Harvard adds hurdle to recognition of 'final clubs'

Harvard University has unveiled a new recognition process for single-gender social organizations, but with a wrinkle that could prevent some “final clubs” from meeting the criteria.

The new process will require student groups to meet with the university and become recognized social organizations in order to avoid sanctions on their members, which include ineligibility for scholarships and leadership positions on campus.

“Through recognition the College is verifying a social organization’s gender-inclusivity and therefore ensuring students (of the Class of 2021 and later) who belong to RSOs have full access to leadership positions and fellowship opportunities at the College,” the school explained. 

[RELATED: Harvard adds sanctions on single-gender clubs to handbook]

Previously, many students had been under the impression that clubs only needed to become gender-inclusive to avoid sanctions, rather than needing to register with the university and go through a full recognition process, The Harvard Crimson reports.

The new process, however, stipulates that recognition is dependent upon a club exercising “local autonomy and governance,” meaning the group “must make all policy decisions without obligation to any parent organization, national chapter, or charter, and without direction, interference, or pressure from any such entity.”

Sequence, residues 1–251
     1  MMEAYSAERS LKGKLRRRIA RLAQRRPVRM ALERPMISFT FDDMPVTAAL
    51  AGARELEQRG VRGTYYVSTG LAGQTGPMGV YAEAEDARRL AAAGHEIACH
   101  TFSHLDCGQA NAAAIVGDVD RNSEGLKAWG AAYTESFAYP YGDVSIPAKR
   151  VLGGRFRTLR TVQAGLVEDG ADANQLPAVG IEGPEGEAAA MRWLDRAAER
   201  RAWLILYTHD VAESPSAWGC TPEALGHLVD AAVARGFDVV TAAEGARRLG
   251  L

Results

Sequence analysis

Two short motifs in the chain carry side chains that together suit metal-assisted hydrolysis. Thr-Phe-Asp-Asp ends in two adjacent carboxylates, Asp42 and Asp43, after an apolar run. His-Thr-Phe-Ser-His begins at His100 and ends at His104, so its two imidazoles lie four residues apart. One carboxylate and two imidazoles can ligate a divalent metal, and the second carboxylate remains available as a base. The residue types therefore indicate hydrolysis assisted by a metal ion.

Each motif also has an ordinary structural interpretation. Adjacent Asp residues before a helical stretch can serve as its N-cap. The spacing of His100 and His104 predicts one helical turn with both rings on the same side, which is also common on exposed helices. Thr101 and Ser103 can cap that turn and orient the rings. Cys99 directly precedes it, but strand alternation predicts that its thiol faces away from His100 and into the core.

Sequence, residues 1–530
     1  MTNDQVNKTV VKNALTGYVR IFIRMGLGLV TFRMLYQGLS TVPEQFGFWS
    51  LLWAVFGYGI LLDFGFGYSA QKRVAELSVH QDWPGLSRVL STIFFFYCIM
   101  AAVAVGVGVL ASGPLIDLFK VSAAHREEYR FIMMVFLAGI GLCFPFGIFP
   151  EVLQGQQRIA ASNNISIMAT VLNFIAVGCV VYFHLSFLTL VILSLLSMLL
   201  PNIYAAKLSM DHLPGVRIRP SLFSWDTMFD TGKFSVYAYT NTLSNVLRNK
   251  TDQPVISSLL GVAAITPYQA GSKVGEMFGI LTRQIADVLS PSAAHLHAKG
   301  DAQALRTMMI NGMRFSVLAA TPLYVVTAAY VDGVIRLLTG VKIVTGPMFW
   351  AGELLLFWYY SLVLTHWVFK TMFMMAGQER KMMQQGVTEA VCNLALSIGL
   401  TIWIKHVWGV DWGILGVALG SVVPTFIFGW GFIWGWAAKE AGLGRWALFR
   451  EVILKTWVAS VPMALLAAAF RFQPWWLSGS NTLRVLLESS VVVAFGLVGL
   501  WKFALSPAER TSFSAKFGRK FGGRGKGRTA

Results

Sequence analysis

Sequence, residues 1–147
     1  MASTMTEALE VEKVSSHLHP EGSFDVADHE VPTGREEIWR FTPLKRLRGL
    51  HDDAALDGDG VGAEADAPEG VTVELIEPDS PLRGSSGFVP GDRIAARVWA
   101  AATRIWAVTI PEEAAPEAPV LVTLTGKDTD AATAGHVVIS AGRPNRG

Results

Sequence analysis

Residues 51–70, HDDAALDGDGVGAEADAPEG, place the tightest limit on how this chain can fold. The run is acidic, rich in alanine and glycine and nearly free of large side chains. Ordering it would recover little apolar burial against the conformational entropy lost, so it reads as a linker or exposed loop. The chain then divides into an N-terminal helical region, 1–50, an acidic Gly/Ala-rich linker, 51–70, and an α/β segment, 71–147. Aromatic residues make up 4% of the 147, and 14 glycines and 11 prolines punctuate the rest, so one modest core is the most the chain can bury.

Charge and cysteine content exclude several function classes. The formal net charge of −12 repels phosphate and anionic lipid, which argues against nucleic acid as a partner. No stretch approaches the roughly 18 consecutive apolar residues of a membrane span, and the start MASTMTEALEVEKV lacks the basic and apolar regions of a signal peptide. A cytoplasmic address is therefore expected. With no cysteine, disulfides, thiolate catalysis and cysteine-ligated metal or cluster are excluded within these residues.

According to the Crimson, that provision has the potential to prevent some final clubs from achieving recognition, including those that have already implemented gender-inclusive policies, because graduate boards have historically played a significant role in how those clubs function.

Final clubs with graduate boards that influence club proceedings, such as the Porcellian and the Fox, as well as Greek organizations with national affiliations, could be subject to sanctions even if they choose to implement gender-neutral membership policies. 

[RELATED: Harvard formally adopts sanctions on single-gender clubs]

In order to attain recognition, clubs must also participate in mandatory annual trainings on drugs and alcohol, hazing, and sexual assault. 

Additionally, clubs that are seeking the highest recognition status must also develop recruitment processes “which are both open to all students and designed to promote diversity (including gender diversity) in the group’s membership and governance.”

The three-tiered recognition system includes an “Interim Recognition” category intended to “provide groups with support during their early stages of becoming gender-inclusive,” after which the group would be required to re-register the following year for “Full Recognition” or “Recognition with Distinction.”

Notably, though, while a group is eligible for Interim Recognition even if it has not yet adopted gender-neutral membership policies, the “local governance” requirement remains in force.

The Harvard Dean of Students Office did not immediately respond to Campus Reform’s request for comment. 

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